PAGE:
How Peeps, pensions and a lawsuit threaten to upend the American retirement system
BETHLEHEM, Pa. - On April 1, hundreds of millions of marshmallow chicks and bunnies called Peeps will peer out from Easter baskets at American children.
They are a pastel symbol of Easter joy, but behind the wax-eyed candy is a company at war with its union workforce over rising pension costs - an escalating legal tangle that could soon upend the retirement plans of 10 million Americans.
The fight has featured a strike, Twinkies related bankruptcy, irreparably broken friendships, obscene T-shirts and a locked-up Peepsmobile. Now all sides await a federal appeals court ruling.
The 95-year-old company that makes Peeps, Just Born Quality Confections, wants to block new employees from enrolling in the multi-employer pension it has offered workers for decades, a retirement plan it funds along with roughly 200 other companies.
While many other companies facing similar pressures have left pensions in recent years, Just Born wants to bar new employees from the plan without paying a $60 million fee required under federal law, saying it must do so to remain competitive.
The fee exists to ensure future retirees' benefits are covered, and if Just Born succeeds in escaping it, union officials fear the unprecedented ruling would prompt thousands of other firms to do the same. This chain reaction could divert workers and money at a time when new employees are seen as crucial to ensure ample funding for the wave of retiring baby boomers - putting payouts for millions of pensioners at risk.
It is a fight that has divided this town, pitting the company that concocts a 28-calorie yellow spongy baby chicken against the union workers it employs. It has splintered the workforce of mechanics and candy makers who make 2 billion Peeps every year.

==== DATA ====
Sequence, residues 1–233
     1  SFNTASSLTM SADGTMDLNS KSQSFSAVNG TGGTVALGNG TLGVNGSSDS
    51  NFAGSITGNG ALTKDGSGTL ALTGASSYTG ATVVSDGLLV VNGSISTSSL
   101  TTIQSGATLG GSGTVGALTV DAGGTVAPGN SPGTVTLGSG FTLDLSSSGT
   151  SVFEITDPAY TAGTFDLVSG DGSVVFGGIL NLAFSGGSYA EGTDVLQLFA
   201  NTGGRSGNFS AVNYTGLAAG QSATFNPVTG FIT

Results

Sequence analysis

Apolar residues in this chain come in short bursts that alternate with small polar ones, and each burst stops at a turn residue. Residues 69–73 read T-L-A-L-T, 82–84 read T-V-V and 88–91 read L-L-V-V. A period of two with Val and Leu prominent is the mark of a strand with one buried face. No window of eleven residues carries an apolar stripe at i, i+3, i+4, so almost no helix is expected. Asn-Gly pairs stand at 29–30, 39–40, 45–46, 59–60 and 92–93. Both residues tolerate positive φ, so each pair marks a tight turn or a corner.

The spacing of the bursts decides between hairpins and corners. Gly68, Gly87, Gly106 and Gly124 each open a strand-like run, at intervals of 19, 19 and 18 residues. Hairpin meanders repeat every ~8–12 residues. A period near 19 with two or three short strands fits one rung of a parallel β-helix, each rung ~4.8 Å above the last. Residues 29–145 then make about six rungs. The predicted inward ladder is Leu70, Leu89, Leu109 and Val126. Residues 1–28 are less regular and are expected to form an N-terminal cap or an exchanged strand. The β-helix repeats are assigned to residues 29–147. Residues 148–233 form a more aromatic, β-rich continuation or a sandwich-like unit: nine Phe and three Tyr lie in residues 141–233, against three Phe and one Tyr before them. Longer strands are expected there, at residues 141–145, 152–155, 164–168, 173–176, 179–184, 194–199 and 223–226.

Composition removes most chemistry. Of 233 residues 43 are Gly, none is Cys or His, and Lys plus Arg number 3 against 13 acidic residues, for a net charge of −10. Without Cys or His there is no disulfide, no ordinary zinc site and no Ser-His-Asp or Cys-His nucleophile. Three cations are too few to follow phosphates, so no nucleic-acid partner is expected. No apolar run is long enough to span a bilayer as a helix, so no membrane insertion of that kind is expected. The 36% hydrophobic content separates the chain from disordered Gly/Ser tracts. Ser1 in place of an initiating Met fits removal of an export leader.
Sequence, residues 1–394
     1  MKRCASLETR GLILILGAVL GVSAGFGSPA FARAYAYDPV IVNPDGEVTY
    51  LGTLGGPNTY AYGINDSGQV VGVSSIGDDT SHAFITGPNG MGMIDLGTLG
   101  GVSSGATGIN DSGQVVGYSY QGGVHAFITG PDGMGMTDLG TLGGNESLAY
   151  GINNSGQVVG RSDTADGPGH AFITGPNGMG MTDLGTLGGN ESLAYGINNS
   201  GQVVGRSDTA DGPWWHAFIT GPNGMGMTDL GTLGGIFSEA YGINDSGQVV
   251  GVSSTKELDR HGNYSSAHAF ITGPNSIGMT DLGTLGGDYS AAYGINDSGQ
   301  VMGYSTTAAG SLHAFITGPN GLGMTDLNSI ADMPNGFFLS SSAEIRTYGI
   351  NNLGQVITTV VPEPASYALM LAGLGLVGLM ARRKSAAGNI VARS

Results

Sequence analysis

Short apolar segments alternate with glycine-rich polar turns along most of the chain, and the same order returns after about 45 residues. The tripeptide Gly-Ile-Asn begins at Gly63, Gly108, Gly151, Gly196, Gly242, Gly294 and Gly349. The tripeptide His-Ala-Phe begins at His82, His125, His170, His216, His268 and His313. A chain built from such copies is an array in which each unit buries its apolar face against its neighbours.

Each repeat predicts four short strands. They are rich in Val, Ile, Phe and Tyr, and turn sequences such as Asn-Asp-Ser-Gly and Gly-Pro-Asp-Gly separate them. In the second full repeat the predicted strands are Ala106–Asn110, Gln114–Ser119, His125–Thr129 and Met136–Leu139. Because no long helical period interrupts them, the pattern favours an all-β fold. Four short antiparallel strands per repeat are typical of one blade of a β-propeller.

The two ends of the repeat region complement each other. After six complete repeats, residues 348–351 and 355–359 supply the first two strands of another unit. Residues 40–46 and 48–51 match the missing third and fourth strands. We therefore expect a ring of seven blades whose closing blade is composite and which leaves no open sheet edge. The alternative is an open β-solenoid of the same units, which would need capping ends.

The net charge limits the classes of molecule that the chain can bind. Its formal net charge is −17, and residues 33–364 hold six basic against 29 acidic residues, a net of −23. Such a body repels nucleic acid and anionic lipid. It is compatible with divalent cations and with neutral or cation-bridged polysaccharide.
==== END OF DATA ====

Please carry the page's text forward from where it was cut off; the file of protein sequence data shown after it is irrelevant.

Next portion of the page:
The company has suggested that if these changes are not made, its future in Bethlehem could be in doubt.
"To remain a sustainable business we need to continue to contain or reduce our costs in order to invest in our infrastructure, our associates and our brands," said Matt Pye, a Just Born vice president. "Our goal is to keep producing iconic candy brands for generations to come."
To many of the workers who make Peeps, members of the Bakery, Confectionery, Tobacco Workers and Grain Millers union, it is a line that cannot be crossed.
"There comes a point in time when you have to take a position," said Alex Fattore, 55, who has worked at Just Born for 37 years, and walked out during the stunning 2016 strike that escalated the feud. "You have to make a stand."
The stand came on Sept. 7, 2016. It was supposed to be peak Peep time, when the company accelerates production to prepare for an Easter binge that locks in almost half the company's annual sales.
Five days earlier, at a union building in nearby Allentown, 272 Just Born employees met and voted against the company's latest contract proposal. That offer would have directed all new employees into a 401(k) savings plan - which does not ensure benefits after retirement - and blocked them from participating in the pension.
The workers voted unanimously to strike.
The following Wednesday, Fattore and more than 100 others walked out of the sprawling candy factory that also makes the candies Mike & Ike and Hot Tamales.
They marched up and down the sidewalk, screaming "No Justice! No Peeps!" again and again. The strike went around the clock.
Belt One, the first-floor marshmallow-moving sidewalk that produces most of the company's 5.5 million Peeps per day, stood idle.
Striking workers noticed the Peepsmobile, a yellow Volkswagen Beetle adorned with a giant look-alike chick head, had disappeared from the front of the factory, to be found later locked up in a cage where it could not be damaged.
Many in Bethlehem and the surrounding area were stunned. Just Born and the union had coexisted since the 1970s without a strike. The company's revenue was reportedly growing. In an area where steel jobs had mostly disappeared, candy jobs had endured.